What we are to make of its absence in the documentation is anyone’s guess. Perhaps the whole idea has been shelved, or the SIA’s chairman Elizabeth France has now reconsidered her stated determination to push regulation as far as possible. Who knows?

Root of the problem

Lord Taylor’s announcement was by no means the beginning of the business licensing debate. That point occurred back in 2011 after the Government had performed an about turn on its original proposal to abolish the SIA. Rather than keeping the status quo, it set out plans for the phased transition to a business regulation regime with a new individual licensing process.

Given that the stated aim of Government is to improve the transparency, accountability and cost-effectiveness of all public services, this proposal contradicted those objectives.

Initially, it was thought that, as individual licensing was going to be abolished, business licensing would be better than nothing, despite the huge amounts of administrative expense required to implement it.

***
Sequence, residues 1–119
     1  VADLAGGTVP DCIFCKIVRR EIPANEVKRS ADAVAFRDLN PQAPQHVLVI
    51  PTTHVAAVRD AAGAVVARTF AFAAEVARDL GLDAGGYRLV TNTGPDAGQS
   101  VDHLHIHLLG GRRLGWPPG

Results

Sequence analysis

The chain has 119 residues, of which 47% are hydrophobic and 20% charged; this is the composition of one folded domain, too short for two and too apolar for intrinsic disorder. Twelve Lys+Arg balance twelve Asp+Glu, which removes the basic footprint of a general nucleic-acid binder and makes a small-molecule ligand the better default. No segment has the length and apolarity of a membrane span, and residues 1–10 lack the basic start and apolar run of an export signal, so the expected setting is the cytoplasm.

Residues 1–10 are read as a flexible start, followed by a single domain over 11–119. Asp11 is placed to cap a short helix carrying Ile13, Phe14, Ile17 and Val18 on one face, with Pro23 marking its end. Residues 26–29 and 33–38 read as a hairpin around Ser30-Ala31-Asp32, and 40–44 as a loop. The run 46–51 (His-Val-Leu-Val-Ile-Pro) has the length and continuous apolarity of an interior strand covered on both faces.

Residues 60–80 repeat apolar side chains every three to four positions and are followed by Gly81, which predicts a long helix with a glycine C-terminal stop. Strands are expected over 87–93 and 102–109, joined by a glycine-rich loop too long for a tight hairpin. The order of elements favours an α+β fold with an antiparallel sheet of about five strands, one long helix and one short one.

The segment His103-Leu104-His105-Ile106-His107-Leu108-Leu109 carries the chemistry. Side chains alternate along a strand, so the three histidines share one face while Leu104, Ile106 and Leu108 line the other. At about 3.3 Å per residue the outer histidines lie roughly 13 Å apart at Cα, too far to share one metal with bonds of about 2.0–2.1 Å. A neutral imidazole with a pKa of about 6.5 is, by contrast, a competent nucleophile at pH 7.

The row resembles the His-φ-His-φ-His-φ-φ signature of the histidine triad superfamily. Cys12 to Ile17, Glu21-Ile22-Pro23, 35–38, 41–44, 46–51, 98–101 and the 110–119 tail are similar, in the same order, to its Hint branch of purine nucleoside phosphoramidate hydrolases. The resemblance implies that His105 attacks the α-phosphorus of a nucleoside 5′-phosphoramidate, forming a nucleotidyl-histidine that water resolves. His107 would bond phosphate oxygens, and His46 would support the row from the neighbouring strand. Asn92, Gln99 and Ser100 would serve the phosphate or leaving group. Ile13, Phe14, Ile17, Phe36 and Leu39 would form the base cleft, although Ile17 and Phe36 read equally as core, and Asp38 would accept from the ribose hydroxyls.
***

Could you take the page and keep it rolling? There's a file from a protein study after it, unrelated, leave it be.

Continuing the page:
Then, when individual licensing was reprieved, many of those who had convinced themselves business licencing was a good idea couldn’t backtrack, subsequently opening the possibility for more regulation.

For the record, I wasn’t one of those who ever thought that business licensing was the way forward – and I wasn’t alone. Following the Government’s consultation on a future regulatory regime for the private security industry, which was carried out in late 2012, the summary of responses was published and they highlighted that many industry professionals were dubious about the benefits of change.